When economists bash Donald Trump's aggressive trade stance against China and Mexico, Trump says similar tactics worked for Ronald Reagan.
Trump has threatened to impose a 35% tariff on goods imported from Mexico, and a 45% tax on goods from China.
Here's how Trump defended the idea in June: "President Reagan deployed similar trade measures when motorcycle and semiconductor imports [from Japan] threatened U.S. industry. I remember...that had a big impact folks."
But that's not how Trump saw it in 1989.
Japan has "systematically sucked the blood out of America -- sucked the blood out!" Donald Trump said in a 1989 interview on the Morton Downey Jr. show, dug up Tuesday by CNN's KFile team. "They have gotten away with murder. They have ended up winning the war."
Trump's strategy to whip Japan in shape in 1989: a 20% tax on all goods.
"You tax the hell out of all of them -- 20% on oil, 20% on the cars, 20% on the VCRs," he said on the show.
Trump didn't mention Reagan during the episode -- but the president had already gone after Japan.
In 1981, Reagan limited the number of cars Japan could import into the United States to protect U.S. automakers amid a sluggish economy. That was effectively viewed as a tariff via trade restriction.
In 1983, Reagan put a 45% tariff on Japanese motorcycles to protect Harley-Davidson (. )
And in 1987, two years before Trump's blood-sucking comment, Reagan put a 100% tariff on Japanese electronics, like TVs, computers and power tools, though not specifically VCRs.
Japan had been accused of "dumping" its semiconductors in the U.S., selling them at such low prices that U.S. companies couldn't compete. The U.S. Commerce Department said in 1987 that Japan had stopped the practice months after Reagan's tariff was imposed.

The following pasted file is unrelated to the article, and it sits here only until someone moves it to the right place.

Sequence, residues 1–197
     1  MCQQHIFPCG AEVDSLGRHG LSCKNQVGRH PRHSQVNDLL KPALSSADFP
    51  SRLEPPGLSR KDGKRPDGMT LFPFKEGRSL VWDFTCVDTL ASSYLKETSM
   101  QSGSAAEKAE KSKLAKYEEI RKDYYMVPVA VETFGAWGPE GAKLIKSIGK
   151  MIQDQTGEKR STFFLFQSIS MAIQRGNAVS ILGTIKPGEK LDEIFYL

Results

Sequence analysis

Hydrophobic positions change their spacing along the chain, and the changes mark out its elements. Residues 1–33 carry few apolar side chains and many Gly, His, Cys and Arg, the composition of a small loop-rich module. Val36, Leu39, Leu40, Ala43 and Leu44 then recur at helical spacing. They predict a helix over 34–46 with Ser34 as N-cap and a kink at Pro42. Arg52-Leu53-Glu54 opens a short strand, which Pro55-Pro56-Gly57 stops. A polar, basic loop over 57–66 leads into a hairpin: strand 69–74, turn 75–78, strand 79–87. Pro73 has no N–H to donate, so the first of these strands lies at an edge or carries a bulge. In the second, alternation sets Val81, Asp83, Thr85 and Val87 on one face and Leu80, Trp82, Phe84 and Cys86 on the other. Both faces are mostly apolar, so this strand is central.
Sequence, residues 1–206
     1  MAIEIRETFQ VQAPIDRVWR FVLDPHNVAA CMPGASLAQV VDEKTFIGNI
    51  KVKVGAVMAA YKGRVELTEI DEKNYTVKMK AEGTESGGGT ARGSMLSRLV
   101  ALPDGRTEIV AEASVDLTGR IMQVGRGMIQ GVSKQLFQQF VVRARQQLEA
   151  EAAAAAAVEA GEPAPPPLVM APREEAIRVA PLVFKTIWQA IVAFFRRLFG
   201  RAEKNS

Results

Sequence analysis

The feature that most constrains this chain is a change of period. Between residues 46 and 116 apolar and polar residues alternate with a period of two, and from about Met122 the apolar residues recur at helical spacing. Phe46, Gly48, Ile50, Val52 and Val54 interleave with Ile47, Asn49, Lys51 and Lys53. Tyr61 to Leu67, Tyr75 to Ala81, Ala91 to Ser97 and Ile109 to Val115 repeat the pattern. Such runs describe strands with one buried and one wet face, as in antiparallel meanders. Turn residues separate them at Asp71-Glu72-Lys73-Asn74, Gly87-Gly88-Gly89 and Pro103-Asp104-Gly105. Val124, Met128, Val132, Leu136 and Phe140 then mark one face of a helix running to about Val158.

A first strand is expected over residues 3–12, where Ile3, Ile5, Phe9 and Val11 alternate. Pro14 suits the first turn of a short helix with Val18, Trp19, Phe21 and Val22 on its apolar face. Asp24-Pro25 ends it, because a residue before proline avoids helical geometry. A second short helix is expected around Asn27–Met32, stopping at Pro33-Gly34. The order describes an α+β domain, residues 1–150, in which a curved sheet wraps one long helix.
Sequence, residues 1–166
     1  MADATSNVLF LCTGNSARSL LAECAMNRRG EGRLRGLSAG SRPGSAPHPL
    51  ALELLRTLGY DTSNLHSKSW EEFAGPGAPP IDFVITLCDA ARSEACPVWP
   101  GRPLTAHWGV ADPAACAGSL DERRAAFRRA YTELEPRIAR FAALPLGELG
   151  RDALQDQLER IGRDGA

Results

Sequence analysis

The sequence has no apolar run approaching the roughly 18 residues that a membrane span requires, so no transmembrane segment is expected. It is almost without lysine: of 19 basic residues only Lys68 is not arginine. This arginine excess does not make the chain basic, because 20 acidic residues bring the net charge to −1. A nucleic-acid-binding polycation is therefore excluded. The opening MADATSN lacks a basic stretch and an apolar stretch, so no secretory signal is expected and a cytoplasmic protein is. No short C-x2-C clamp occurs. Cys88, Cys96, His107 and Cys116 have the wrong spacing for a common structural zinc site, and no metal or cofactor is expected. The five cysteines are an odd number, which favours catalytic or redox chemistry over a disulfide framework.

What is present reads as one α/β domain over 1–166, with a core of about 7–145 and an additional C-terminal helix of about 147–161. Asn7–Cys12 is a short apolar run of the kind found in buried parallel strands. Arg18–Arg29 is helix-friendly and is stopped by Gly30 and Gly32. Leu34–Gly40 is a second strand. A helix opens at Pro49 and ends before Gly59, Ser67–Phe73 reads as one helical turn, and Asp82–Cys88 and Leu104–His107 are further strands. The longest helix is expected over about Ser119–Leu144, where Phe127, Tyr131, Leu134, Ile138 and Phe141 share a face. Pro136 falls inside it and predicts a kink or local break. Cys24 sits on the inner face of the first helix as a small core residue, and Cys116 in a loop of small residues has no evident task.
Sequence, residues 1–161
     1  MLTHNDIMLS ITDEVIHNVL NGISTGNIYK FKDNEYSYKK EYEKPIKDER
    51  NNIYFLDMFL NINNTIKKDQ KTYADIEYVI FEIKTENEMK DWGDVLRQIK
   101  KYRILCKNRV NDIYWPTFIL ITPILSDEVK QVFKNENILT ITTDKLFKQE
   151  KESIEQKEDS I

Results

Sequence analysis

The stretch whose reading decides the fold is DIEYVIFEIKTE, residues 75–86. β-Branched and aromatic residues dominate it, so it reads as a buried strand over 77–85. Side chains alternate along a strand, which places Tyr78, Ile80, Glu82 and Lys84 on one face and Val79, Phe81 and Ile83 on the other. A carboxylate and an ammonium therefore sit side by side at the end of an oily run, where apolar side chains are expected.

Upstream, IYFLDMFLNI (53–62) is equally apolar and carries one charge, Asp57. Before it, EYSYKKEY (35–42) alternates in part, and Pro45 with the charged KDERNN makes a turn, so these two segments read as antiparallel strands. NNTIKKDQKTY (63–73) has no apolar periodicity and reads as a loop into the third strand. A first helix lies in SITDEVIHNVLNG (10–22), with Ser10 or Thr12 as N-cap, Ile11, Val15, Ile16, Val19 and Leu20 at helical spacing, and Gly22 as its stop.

Reagan's strategy succeeded in curbing Japan's tactics. But American consumers had to pay higher prices and it led to job losses. Also while some of Reagan's tariffs were effective, other past tariffs, such as in the 1930s, were disastrous for global trade and the U.S. economy.
Several trade experts warn that high tariffs against Mexico and China would cost America jobs and hurt the economy.
Another key detail is that Reagan's tariffs were targeted at very specific items from Japan. Trump indicated during the first debate he would impose tariffs on all goods coming from Mexico, if not China too.
"If you think you're going to make your air conditioners or your cars or your cookies or whatever you make and bring them into our country without a tax, you're wrong," Trump said during the first debate.
While Trump only referenced U.S. companies, trade experts caution that if Trump taxes companies like Ford (, he would have to tax all companies or risk having American firms lose sales in the United States to foreign brands. )
Navarro, the adviser, says Trump would only use the threat of tariffs to get better trade deals.
The difference between widespread and targeted tariffs, experts say, is the gap between effective trade policy and a potential trade war -- where other nations tax American goods in retaliation, sending prices of many things skyrocketing in the United States.